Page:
Hello, folks! I’m Verity, a fourth-year undergraduate student on the Archaeology and Social Anthropology programme, which means I’ve got a foot in two schools that are conveniently located next door to each other in the Central campus area. Top tip – finding the corridor that connects the Old Medical School to the Chrystal Macmillan Building can shave precious minutes off the time it takes to get to class! I’ve taken about half my courses in the School of Social and Political Science and half in the School of History, Classics and Archaeology, and found that a joint honours course is a great way to understand ideas from different perspectives and study a range of things so that you don’t start feeling fed-up with your degree.
Aside from academics, I love the society and volunteering opportunities that are available at Edinburgh. I’ve dipped in and out of various groups in my four years, with the inevitable COVID interruptions that changed the way societies were able to run for a while. There are lots of great student publications I’ve been involved in as an editor or writer, some journalistic and some academic, including Retrospect, Re:think, The Broad and Leviathan.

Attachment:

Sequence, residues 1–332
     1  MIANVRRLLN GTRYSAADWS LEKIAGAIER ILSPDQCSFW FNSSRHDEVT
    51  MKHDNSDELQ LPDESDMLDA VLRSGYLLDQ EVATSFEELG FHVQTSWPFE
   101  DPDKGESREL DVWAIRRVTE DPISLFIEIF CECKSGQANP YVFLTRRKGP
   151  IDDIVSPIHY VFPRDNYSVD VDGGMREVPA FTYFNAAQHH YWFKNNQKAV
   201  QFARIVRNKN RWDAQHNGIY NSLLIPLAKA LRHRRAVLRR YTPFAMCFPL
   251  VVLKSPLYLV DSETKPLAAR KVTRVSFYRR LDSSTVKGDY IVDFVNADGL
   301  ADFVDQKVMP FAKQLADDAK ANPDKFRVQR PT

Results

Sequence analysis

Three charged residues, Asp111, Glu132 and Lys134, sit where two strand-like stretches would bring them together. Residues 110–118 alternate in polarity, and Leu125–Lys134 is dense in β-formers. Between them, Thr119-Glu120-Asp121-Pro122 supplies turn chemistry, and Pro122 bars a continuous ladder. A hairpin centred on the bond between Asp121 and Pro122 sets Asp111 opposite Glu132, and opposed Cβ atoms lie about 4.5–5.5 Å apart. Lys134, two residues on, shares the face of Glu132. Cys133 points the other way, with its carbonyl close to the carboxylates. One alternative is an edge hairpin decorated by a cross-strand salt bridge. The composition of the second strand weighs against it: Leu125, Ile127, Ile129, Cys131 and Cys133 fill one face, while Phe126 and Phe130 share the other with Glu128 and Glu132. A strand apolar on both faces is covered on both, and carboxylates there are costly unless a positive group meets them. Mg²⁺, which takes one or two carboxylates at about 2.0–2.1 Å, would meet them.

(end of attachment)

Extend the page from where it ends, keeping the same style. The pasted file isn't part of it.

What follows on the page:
I enjoy feeling part of the city and its communities rather than just a student in the university bubble, so I’ve taken volunteering opportunities that serve people beyond the university. I’ve taught progressive sexual education at local secondary schools with the Sexpression charity and done conservation work all over Edinburgh and Midlothian with the Dirty Weekenders conservation society. Once you start looking, there are so many ways to become involved and to feel at home in Edinburgh.
I’ve also appreciated the information that different schools and groups share about how to take your studies and interests further afield through summer roles. Without the Archaeology Society’s fieldwork fair and various handy newsletters, I would never have found out about the Off the Beaten Track Anthropological Fieldschool in Malta or the Scottish Crannog Centre, where I’ve had such rewarding experiences. There are chances to learn more about your subject outside the classroom during term-time too, through joining the relevant academic societies (in SPS these include the Social Anthropology Society and the Edinburgh Political Union) or going along to the many free seminars and talks where academics discuss their current research.
In my spare time, I love exploring Edinburgh’s museums, cafés and green spaces. The city has so many scenic walks, cultural attractions, parks and more to explore!